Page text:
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Sometimes people do not know where to start reading in the Bible, so they do what you describe. They say, “Lord, show me where you want me to read” and randomly open their Bible and start reading wherever the Bible happens to open. This has long been known as the “lucky dip” method. The Lord could give blessing in this way, but we have no promise (or Bible example) that he will. In general it is not the best way to read his Word.

To show some of the dangers in the “lucky dip” method, consider the following illustration that has been around for generations: The story is told of a man who used this method. The first verse he happened to turn to was Matthew 27:5 which says Judas “went away and hanged himself.” Since he was not sure how this verse applied to himself, he flipped to another passage and the Bible fell open to Luke 10:37: “Jesus told him, Go, and do likewise.” The man was quite upset and he did not know how he could ever obey that, so he decided to turn to one more place. Again he opened the Bible at random and to his horror his finger fell upon John 13:27: “What you are about to do, do quickly.” Each of the verses are taken out of their context and end up giving messages that are not helpful or suitable.

Here are a few encouragements that have been around a long time. They point to a better and richer way to use the Bible.

  • Read systematically. When we read a book, a story, a letter or an essay, we generally start at the beginning and read through until we get to the end. This is how the writer wrote it, and this is the best way to read it. The same should be true with the books of the Bible. The best way to read is to start at the beginning of a book and continue until you get to the end. When Paul wrote the book of Romans, he did not write chapter 13 first and then chapter 8. He began with chapter 1 and then wrote chapter 2, etc. Shouldn’t we read it this way to enjoy his message?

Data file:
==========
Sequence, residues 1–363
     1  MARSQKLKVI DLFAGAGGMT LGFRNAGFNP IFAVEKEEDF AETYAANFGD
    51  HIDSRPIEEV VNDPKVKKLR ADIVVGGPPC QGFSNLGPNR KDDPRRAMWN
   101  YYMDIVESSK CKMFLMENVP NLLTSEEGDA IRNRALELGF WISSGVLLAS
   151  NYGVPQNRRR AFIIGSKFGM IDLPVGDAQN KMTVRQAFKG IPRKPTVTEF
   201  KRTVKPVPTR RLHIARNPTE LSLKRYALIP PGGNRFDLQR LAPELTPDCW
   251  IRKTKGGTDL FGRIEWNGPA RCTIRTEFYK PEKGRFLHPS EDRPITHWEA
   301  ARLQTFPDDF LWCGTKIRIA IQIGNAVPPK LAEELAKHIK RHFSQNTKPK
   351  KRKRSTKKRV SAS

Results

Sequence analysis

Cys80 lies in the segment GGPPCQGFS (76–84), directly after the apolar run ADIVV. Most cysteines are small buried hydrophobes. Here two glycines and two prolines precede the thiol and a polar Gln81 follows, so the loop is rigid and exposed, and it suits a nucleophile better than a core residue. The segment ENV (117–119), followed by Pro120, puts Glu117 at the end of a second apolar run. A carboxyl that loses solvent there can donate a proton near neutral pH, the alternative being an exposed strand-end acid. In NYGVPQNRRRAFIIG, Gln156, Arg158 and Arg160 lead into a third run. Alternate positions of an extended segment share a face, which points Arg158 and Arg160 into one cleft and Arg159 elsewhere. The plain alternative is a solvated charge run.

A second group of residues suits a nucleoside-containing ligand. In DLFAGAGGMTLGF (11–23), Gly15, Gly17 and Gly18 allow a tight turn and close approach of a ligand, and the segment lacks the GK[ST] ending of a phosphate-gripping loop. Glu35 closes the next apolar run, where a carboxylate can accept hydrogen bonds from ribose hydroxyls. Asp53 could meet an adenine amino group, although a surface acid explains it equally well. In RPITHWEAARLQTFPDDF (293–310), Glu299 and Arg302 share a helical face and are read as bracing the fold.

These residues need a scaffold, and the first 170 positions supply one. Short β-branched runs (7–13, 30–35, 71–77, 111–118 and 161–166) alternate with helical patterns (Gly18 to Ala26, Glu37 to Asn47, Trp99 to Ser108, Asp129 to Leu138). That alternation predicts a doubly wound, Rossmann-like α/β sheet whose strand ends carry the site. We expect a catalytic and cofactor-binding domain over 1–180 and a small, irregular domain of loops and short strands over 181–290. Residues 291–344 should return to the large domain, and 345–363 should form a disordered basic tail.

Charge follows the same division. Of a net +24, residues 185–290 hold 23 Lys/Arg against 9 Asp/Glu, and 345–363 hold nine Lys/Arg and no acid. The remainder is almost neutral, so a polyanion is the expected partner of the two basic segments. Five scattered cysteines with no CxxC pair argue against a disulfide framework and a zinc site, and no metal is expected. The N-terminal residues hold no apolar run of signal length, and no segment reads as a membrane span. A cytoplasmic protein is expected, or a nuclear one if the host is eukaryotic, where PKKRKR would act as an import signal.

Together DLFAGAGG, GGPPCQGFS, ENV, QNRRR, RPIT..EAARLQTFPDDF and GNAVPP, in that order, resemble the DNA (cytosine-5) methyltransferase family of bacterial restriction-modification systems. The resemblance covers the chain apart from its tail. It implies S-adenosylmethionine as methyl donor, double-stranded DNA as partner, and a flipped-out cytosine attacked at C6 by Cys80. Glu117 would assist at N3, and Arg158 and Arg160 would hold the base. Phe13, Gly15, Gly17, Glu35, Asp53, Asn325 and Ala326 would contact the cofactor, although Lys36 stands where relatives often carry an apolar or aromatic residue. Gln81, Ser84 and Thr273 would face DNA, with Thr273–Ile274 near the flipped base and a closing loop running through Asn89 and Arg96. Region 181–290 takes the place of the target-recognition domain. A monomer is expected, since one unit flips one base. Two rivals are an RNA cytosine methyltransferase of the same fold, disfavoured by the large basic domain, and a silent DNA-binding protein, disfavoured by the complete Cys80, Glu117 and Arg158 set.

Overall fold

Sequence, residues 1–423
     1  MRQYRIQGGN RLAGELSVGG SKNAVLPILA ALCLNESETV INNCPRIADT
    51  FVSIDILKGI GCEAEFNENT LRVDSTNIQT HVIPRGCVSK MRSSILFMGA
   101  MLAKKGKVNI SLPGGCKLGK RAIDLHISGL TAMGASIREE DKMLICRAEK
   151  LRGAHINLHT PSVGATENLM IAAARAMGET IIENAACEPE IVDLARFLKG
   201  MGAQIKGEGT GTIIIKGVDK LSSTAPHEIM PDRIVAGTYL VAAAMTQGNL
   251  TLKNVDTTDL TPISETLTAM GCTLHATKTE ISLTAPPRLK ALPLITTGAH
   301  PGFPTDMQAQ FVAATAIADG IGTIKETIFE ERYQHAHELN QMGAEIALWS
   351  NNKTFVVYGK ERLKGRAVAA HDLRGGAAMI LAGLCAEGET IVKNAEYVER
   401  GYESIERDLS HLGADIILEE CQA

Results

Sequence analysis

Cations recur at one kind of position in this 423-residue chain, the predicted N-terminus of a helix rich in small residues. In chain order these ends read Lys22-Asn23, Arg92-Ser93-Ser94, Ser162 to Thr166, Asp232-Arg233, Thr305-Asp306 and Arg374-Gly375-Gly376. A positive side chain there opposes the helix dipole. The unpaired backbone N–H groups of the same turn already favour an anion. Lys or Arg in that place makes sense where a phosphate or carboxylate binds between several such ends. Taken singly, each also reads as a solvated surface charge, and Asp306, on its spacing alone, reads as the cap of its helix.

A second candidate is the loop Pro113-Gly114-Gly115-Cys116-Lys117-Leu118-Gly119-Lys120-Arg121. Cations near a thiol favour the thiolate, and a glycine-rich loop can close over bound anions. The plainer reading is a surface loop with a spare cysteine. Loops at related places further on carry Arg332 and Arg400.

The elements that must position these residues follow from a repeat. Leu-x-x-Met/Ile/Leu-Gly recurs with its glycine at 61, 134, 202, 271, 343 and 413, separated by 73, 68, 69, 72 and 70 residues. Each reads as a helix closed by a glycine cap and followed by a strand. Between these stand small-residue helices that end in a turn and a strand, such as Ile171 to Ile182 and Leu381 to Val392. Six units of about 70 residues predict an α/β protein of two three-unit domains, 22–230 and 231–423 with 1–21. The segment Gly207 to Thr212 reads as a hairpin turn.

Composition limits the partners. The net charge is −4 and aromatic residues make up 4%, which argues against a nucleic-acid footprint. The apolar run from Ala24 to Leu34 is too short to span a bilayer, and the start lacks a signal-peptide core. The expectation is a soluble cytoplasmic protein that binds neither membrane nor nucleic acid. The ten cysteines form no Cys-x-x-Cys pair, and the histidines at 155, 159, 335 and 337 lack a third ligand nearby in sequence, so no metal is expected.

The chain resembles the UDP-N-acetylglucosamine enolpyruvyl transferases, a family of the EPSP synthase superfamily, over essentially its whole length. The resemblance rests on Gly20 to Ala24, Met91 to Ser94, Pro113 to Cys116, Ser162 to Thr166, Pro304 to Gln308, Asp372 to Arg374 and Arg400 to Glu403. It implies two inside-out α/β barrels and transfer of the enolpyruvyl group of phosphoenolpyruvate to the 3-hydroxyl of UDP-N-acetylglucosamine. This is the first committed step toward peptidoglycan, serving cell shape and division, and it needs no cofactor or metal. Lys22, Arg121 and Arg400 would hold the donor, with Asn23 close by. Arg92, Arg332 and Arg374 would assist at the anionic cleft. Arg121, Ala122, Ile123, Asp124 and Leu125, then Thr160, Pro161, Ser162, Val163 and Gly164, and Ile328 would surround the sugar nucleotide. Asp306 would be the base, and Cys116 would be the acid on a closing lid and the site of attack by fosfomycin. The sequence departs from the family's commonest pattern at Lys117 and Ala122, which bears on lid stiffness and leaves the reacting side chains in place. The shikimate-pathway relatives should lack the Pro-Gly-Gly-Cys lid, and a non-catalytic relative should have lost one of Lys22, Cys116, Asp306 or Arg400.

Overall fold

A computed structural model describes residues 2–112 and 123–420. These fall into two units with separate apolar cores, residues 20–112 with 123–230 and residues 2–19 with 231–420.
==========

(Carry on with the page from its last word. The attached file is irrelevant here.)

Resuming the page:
• Read carefully. Pay close attention to each word. Be careful not to let your mind start to daydream. (To check this you can always ask yourself: What did I just read?)
  • Read inquisitively. As you read the Bible, be asking questions such as these: Who is the author or speaker? To whom is the passage written or who is the speaker addressing? What are the main ideas? Other key questions that will help to bring out the meaning of the passage as are follows: Is there any command to obey? Is there any promise to believe? Is there a good example to follow? Is there any sin to avoid? Do I learn anything about God? Do I learn anything about humans—me? Is there anything I can thank God for?
  • Read lovingly. Think of a young woman in love with her fiancé who is separated from her by many miles. How do you suppose she would read his love letters? As soon as the letter arrives in the mail she would open it and read it all the way through with great interest. Then she would likely read it again, this time slowly. She would think about every word. She would lovingly meditate upon every phrase and think to herself, “I wonder why he said this?” Even after she finishes reading the letter she would remember much of what was contained in the letter and she would continue thinking about it throughout the day. Read the Bible in that way! The Bible is God’s love letter to us.
  • Read prayerfully. Trust the Holy Spirit to teach you. Make it a habit to pray before you read. Psalm 119:18 is a good example of such a prayer. It is the Lord that gives understanding (2 Timothy 2:7). In this way the reading of God’s Word may serve as a constant source of joy and wisdom to your heart!

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Prayer and Bible study should be included in ALL schools!